ARC Review: The Prince of the Skies by Antonio Iturbide | Teen Ink

ARC Review: The Prince of the Skies by Antonio Iturbide

September 13, 2021
By WesleyHarkov PLATINUM, Saint Paul, Minnesota
WesleyHarkov PLATINUM, Saint Paul, Minnesota
21 articles 0 photos 0 comments

Favorite Quote:
"There are three rules for writing a novel. Unfortunately, no one knows what they are." - W. Somerset Maugham

Writer Antonio Iturbide and translator Lilit Thwaites combine their talents in the quiet and yet sweeping tale of friendship, purpose, and change that is The Prince of the Skies. Long before writing The Little Prince, Antoine Saint-Exupéry is an aviator whose love of flying is matched only by his hopeless inability to adhere to the rules of a strict military environment. After crashing a biplane on a Sunday-afternoon impulse-flight, his discharge from the military sets off a chain of events that leads him to France’s quickly expanding airmail industry and to two other aviators, Henri Gaillaumet and Jean Mermoz, who will become his closest friends. Together, the three men navigate the turbulent waters of 1920s and ‘30s France through the prestige and expansion of airmail, ever-strained relationships with those they leave behind on the ground, and eventual descent into World War II.

In many ways, The Prince of the Skies felt like one long, incredibly complex character study. By the end of the book, the reader knows Saint-Exupéry in a thousand different facets: a daydreamer, a writer never satisfied with what he writes, a steadfast and genuine presence to his friends who is simultaneously unable to adhere to any semblance of the routines of an ordinary life. Iturbide certainly does not shy away from his flaws, but the picture painted of him over the novel’s 500-plus pages is so thorough and intimate that it is impossible not to feel deeply connected to the eccentric writer by the final pages. Though the book does not reach quite as much depth of character with Mermoz or Guillaumet, the charisma and brazenness of the former combined with the steady and unflappable nature of the latter bring a balance to the book’s main cast.

The pacing and storylines may be the novel’s most masterful stroke, as their lack of direction and driving force would fall flat in nearly any other book. In The Prince of the Skies, though, they feel realistic in that they truly tell a life story without tidy middles and endings. The main cast are in a constant process of moving on, discovering, and reinventing themselves, and so much changes around the characters that by the final pages the reader feels they have lived their entire lives right there beside them. However, such depth is not achieved without tradeoffs - the book is over 500 pages, and, strictly speaking, it would be difficult to describe a plot. The book has a distinct pull, but it is not what one would call a page-turner.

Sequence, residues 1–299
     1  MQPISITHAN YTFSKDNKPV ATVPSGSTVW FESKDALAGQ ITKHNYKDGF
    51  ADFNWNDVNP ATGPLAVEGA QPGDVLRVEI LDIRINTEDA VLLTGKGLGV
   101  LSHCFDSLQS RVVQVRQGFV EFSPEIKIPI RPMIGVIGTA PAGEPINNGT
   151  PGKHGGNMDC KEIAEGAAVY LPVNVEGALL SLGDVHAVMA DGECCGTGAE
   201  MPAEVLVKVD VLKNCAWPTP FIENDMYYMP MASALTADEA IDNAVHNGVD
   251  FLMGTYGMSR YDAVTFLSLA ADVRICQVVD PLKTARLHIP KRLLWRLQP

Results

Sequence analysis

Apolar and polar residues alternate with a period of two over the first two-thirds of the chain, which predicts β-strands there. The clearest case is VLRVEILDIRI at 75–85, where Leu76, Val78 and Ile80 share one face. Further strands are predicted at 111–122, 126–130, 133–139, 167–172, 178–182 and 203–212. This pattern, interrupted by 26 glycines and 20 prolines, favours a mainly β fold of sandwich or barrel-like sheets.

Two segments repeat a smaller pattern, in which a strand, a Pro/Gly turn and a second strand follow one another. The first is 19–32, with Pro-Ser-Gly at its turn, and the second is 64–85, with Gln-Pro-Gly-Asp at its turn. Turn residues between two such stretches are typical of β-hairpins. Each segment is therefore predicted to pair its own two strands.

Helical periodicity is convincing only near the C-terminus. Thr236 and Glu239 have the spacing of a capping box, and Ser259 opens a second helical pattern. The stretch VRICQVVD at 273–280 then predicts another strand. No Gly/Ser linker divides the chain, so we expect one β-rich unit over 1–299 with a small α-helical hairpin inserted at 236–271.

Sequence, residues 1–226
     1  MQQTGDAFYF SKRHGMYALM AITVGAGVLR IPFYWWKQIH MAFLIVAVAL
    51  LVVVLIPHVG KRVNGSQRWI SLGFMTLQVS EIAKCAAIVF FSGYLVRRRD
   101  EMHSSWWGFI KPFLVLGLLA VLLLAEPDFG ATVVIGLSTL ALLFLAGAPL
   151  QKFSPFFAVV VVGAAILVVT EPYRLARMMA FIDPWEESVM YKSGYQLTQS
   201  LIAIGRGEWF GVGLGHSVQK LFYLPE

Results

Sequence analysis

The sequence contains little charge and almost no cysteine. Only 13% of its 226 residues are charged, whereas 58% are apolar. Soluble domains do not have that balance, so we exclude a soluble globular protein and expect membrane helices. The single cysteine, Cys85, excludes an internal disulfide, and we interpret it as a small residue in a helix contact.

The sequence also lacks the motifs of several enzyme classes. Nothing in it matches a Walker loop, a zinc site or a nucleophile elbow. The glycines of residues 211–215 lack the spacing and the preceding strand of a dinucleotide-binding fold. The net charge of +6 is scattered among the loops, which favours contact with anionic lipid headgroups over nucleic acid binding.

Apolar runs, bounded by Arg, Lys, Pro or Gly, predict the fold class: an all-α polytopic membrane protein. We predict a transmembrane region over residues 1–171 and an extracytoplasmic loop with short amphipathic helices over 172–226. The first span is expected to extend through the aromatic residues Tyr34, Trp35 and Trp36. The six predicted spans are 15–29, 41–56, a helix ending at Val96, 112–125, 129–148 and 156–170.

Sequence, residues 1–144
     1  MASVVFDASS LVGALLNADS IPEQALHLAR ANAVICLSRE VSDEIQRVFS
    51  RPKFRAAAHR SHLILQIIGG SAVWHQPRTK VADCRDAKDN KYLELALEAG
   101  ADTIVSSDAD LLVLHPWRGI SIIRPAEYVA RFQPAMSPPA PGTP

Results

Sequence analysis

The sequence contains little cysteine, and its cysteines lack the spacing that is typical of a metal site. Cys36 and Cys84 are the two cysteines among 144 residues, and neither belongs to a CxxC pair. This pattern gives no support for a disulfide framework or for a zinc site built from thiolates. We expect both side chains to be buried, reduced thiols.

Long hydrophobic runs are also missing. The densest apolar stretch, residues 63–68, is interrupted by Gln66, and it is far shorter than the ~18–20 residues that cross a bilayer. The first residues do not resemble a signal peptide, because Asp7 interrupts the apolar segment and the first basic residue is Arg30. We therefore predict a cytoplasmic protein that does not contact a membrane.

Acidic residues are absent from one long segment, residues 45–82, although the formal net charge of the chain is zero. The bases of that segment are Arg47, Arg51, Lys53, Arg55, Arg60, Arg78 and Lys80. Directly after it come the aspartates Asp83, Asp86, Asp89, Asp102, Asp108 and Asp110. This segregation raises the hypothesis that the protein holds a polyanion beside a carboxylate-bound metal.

Besides being an intricate character study, The Prince of the Skies is also a deep dive into aviation into the early 1900s and the evolution of early airmail routes. The book encompasses not only a fascinating slew of technical details but the quintessential experience of aviators in a time when each flight was a serious gamble: the genuine love of flying that ensured they couldn’t live without the incredibly dangerous occupation. Unless they happen to be history buffs obsessed with early 1900s France, readers will certainly walk away with a new knowledge of the beginnings of a system now taken for granted.

While the complex and realistically flawed characters are the book’s greatest strength, though, my unease with Saint-Exupéry’s romance plot - a long, unrequited love for a woman called Lou-Lou who breaks off their engagement in his youth - never went away. It was evident that Iturbide was attempting to make a point about deep, unrequited feelings and the nature of loving and being loved, but in practice Saint-Exupéry is hopelessly hung up on a woman who has long ago rejected him, one who he continues to pursue after her own marriage. Though he eventually reflects fondly on how much happiness loving her has brought to his life, his many depressive episodes and inability to find other fulfilling relationships while thinking of her say otherwise. More importantly, the storyline perpetuates an idea of obsessive, one-sided love as romantic instead of disturbing and harmful to both parties.

Despite this, Iturbide and Thwaites weave a skilled narrative and solid read. For those willing to take on the somewhat daunting length, The Prince of the Skies is a beautifully written and atmospheric journey through French aviation as seen through the eyes of  three vastly different men: the dreamer, the celebrity, and the steady friend, united by their love of the skies and their dedication to the extraordinary.

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